If the thought of childbirth turns you off though, luckily we have a papyrus from 1850 BC known as the “Kahun Gynaecological Papyrus” which details other means of birth control. (Check it out here)

“Another prescription hin of honey, sprinkle over her womb, this is to be done on natron bed.”

This was a substance mixed with honey and sodium carbonate which was applied inside the vagina. Couldn’t find any modern opinions on if this one in particular worked but than again I admittedly didn’t look hard enough.

One other substance they did use was an acacia gum which was also placed inside the vagina. This does, in fact, contain spermatocidal properties. Compounds of the substance produce lactic acid anhydride which is today used in some preventive jellies. Point goes to Egypt!

The most interesting and somewhat shocking suggestion given by the papyrus for a pessary (for those without a vagina, doctorate, or a girlfriend–a pessary acts as a physical barrier between the cervix and any invading sperm) is as follows:

“For preventing […] crocodile dung, chopped over HsA and awt-liquid, sprinkle […]”

Ignore the jumbled untranslated Egyptian text because, yes, that says crocodile dung.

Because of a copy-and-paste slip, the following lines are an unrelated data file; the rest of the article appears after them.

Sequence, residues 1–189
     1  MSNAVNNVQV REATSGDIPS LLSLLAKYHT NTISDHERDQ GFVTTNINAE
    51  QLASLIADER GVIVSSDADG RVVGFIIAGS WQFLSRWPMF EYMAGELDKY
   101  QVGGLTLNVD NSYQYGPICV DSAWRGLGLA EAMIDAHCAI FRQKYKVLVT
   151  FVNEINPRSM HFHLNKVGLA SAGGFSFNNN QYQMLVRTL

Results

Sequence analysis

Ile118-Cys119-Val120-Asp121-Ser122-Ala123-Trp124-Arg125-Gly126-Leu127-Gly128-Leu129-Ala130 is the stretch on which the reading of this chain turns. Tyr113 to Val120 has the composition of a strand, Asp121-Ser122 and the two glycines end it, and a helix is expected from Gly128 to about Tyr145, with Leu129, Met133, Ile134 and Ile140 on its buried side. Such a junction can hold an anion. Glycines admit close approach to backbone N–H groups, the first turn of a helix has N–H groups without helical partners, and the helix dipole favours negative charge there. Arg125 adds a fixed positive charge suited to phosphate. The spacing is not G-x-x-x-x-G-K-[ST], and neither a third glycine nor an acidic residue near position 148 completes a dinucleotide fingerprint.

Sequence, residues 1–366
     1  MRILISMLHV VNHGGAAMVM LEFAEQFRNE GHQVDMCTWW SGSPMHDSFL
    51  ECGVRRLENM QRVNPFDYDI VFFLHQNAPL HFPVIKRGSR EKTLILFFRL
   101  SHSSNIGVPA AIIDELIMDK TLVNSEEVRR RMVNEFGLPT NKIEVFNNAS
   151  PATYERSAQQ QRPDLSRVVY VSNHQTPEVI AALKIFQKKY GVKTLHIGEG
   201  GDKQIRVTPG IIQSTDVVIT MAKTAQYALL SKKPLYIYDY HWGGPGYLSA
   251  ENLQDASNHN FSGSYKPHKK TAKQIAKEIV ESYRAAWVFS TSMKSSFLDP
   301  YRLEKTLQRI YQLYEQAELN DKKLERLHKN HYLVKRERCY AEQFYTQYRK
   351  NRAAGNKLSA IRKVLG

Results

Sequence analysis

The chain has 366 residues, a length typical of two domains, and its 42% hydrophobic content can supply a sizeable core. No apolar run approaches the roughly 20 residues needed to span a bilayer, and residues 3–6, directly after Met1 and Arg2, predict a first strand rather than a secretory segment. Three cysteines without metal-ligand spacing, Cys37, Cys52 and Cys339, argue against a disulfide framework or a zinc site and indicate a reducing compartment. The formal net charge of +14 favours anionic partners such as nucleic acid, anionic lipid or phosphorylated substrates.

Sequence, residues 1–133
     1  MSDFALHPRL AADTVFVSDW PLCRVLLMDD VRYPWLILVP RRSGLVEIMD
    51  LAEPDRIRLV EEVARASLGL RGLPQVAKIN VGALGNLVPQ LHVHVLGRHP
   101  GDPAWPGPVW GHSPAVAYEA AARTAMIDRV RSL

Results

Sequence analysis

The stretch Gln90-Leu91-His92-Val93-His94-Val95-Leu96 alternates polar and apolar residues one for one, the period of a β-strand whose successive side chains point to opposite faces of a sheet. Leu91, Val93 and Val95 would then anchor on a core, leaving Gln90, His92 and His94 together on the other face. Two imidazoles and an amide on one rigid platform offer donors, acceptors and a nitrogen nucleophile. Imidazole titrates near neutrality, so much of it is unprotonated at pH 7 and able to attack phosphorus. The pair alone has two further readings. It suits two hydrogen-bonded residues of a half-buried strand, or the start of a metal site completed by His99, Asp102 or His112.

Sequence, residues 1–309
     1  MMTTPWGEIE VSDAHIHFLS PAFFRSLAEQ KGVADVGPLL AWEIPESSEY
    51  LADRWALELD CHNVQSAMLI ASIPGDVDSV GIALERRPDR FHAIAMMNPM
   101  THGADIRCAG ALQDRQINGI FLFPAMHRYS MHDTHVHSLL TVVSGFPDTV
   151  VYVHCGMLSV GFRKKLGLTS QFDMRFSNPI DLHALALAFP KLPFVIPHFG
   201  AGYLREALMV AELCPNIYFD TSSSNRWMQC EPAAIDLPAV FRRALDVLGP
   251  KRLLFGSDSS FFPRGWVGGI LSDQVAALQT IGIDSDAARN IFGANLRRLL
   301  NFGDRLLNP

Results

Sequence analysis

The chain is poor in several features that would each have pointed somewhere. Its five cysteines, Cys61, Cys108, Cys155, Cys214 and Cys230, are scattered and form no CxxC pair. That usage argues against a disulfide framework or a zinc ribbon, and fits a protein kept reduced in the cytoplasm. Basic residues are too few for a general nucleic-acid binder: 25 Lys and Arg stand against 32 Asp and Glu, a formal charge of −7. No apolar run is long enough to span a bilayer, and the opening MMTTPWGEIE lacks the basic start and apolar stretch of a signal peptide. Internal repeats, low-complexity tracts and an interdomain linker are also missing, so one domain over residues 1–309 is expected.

As I try not to imagine dealing with that whole business, science at least puts my mind a little at ease with why anyone would consider such a thing.

It has been suggested by some modern historians that not only would the feces most likely effectively block seminal fluid at the os of the cervix but that it could also change the pH level.

Not good enough an excuse?

Well, John Riddle puts forth the suggestion that inserting feces into a woman’s vagina would, in fact, be an excellent form of contraception because…well, it would keep the boys away, wouldn’t it?

There’s also the idea that such a practice may refer to an incident in Egyptian mythology where the deity Set attempted to harm Isis while she was pregnant. He was typically associated with a crocodile (Not to be confused with Sobek) so, crocodile =/= pregnant.